Already in March, seven Russian banks were removed from SWIFT. They included Bank Otkritie, Novikombank, Promsvyazbank, Bank Rossiya, Sovcombank, Vnesheconombank (VEB) and VTB Bank. More were added later, including Sberbank, which by itself accounts for more than one third of Russia’s banking sector.
Diamond companies operating in major trading centers that, at least technically, were not subject to sanction on handling Russian diamonds, like Antwerp, Ramat Gan, Mumbi and Dubai, discovered that, even if they wanted to, it was extremely difficult and risky to transfer or accept payments.
The Lomonosov mine, which hold one of the largest diamond deposits in Russia and in the world, which is located in the far northwestern part of the country in the Arkhangelsk Oblast.
AN INDIGNANT RUSSIAN RESPONSE
So how has Russia reacted? Mainly with annoyance.
In some respects, the expressions of indignation that were heard from the country’s diamond sector could be understood. The areas in which rough diamonds are mined in Russia are located nowhere near the areas of fighting in Ukraine. Yakutia, the region where most goods are produced, is about 9,000 kilometers away, and even the Arkhangelsk region, which accounts for a much smaller proportion of Russian output and is in the northwest of the country, is about 2,000 kilometers away from the border with Ukraine.
Furthermore, state the leadership of the Russian diamond sector, before the start of the war they had stood at the vanguard of the movement lobbying for meaningful reform in the Kimberley Process, including the broadening of the conflict diamond definition, which currently limits such a designation to goods helping finance civil war against legitimate governments, which is not the case in the current conflagration, which is a war between states.
The Russian diamond industry has also pointed out that a large proportion of the revenues generated by the mining sector are earmarked for investment in the economy of the region in which the goods are produced. The people of Yakutia, which is a vast semi-arctic region, are largely dependent on such income for day-to-day survival, and almost certainty will be victims of the sanctions regime and President Putin’s misbegotten policies.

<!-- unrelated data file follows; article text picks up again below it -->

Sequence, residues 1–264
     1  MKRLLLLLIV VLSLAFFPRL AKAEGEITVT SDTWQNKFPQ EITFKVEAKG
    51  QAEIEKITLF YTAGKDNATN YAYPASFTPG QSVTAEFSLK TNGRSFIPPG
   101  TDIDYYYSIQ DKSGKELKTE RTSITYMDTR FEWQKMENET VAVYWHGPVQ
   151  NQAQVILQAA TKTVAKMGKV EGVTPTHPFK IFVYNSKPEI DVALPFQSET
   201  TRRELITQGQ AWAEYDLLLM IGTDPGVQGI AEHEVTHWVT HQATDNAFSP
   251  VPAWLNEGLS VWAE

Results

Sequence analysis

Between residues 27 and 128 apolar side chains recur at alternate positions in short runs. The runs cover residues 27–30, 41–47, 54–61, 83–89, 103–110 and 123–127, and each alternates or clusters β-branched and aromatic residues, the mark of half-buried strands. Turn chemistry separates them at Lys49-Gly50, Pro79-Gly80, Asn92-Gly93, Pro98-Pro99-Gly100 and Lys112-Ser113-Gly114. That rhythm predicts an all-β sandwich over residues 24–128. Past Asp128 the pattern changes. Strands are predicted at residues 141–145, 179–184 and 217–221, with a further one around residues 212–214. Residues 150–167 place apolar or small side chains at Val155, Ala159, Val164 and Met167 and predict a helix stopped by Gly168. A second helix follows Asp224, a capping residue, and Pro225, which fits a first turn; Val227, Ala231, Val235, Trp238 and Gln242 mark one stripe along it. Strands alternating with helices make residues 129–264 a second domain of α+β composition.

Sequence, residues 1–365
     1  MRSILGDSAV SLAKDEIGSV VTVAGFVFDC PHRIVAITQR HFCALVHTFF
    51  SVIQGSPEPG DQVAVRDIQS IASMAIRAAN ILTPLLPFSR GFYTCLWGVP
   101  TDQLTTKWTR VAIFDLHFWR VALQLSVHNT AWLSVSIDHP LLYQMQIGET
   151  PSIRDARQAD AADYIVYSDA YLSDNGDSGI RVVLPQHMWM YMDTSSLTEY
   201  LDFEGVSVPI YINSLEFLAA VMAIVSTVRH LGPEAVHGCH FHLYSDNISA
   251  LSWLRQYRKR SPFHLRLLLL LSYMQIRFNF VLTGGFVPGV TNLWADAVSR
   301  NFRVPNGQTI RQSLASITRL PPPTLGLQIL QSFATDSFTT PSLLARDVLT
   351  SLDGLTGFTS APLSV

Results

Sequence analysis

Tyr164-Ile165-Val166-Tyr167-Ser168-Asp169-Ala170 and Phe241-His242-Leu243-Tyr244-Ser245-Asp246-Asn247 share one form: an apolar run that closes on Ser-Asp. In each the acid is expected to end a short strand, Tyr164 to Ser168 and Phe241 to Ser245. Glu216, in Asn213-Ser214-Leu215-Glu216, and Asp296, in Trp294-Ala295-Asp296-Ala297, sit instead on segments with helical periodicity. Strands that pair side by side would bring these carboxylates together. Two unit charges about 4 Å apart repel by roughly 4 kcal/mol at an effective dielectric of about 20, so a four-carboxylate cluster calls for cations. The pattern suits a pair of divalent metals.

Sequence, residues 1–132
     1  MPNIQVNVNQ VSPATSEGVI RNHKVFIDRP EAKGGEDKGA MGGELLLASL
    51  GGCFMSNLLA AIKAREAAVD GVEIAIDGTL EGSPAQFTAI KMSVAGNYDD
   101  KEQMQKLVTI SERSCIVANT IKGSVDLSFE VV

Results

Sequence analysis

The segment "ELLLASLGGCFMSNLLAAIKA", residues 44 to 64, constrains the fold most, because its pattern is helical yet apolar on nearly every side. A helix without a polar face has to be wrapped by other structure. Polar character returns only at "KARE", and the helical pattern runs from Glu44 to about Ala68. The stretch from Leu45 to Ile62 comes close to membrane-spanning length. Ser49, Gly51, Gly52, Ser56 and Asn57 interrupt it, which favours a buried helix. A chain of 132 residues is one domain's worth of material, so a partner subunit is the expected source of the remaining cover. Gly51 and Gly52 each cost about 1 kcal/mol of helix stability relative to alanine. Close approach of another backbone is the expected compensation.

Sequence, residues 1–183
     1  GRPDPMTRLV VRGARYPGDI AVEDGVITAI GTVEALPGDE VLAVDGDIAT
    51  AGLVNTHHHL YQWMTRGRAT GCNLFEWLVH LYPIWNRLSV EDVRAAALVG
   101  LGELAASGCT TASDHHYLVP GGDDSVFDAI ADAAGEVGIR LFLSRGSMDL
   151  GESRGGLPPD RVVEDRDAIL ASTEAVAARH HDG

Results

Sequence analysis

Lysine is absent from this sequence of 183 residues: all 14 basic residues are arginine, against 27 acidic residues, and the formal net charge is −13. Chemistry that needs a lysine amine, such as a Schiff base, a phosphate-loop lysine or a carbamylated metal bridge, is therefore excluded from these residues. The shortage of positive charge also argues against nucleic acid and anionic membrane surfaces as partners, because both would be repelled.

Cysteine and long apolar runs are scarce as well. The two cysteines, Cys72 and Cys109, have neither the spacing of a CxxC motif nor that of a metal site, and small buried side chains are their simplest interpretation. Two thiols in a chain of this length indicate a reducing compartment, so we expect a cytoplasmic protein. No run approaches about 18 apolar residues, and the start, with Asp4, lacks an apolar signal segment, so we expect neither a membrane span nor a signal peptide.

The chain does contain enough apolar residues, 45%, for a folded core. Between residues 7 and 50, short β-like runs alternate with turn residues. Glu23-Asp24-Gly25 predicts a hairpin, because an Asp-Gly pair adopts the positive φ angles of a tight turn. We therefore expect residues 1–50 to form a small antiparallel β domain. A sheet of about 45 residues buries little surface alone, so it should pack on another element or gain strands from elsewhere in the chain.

So are the sanctions having an effect? In the field it is difficult to say. Russia is keeping a tight lid reporting about economic developments, and reliable and verifiable information that would be indicative, like employment data in regions like Yakutia, is difficult if not impossible to come by.
However, Alrosa is a publicly owned company, and its shares are listed on the Moscow Stock Exchange. They were flying high just before the invasion of Ukraine, reaching a price of 120 rubles per share on February 10, just two weeks before the invasion. They plummeted by about one third in value on the day the Russian tanks rolled westward across the border, and have edged mainly lower ever since. On August 19 they stood at 69 rubles a share, 44 percent below their value just before the start of the invasion.
Alrosa’s press office, which periodically would publish sales results prior to the war, has ceased doing so, and now largely releases announcement on the company’s struggles to satisfy its Eurobond debt. On June 8 it was reported that the company’s supervisory board had recommended that a dividend would not be paid on 2021 earnings.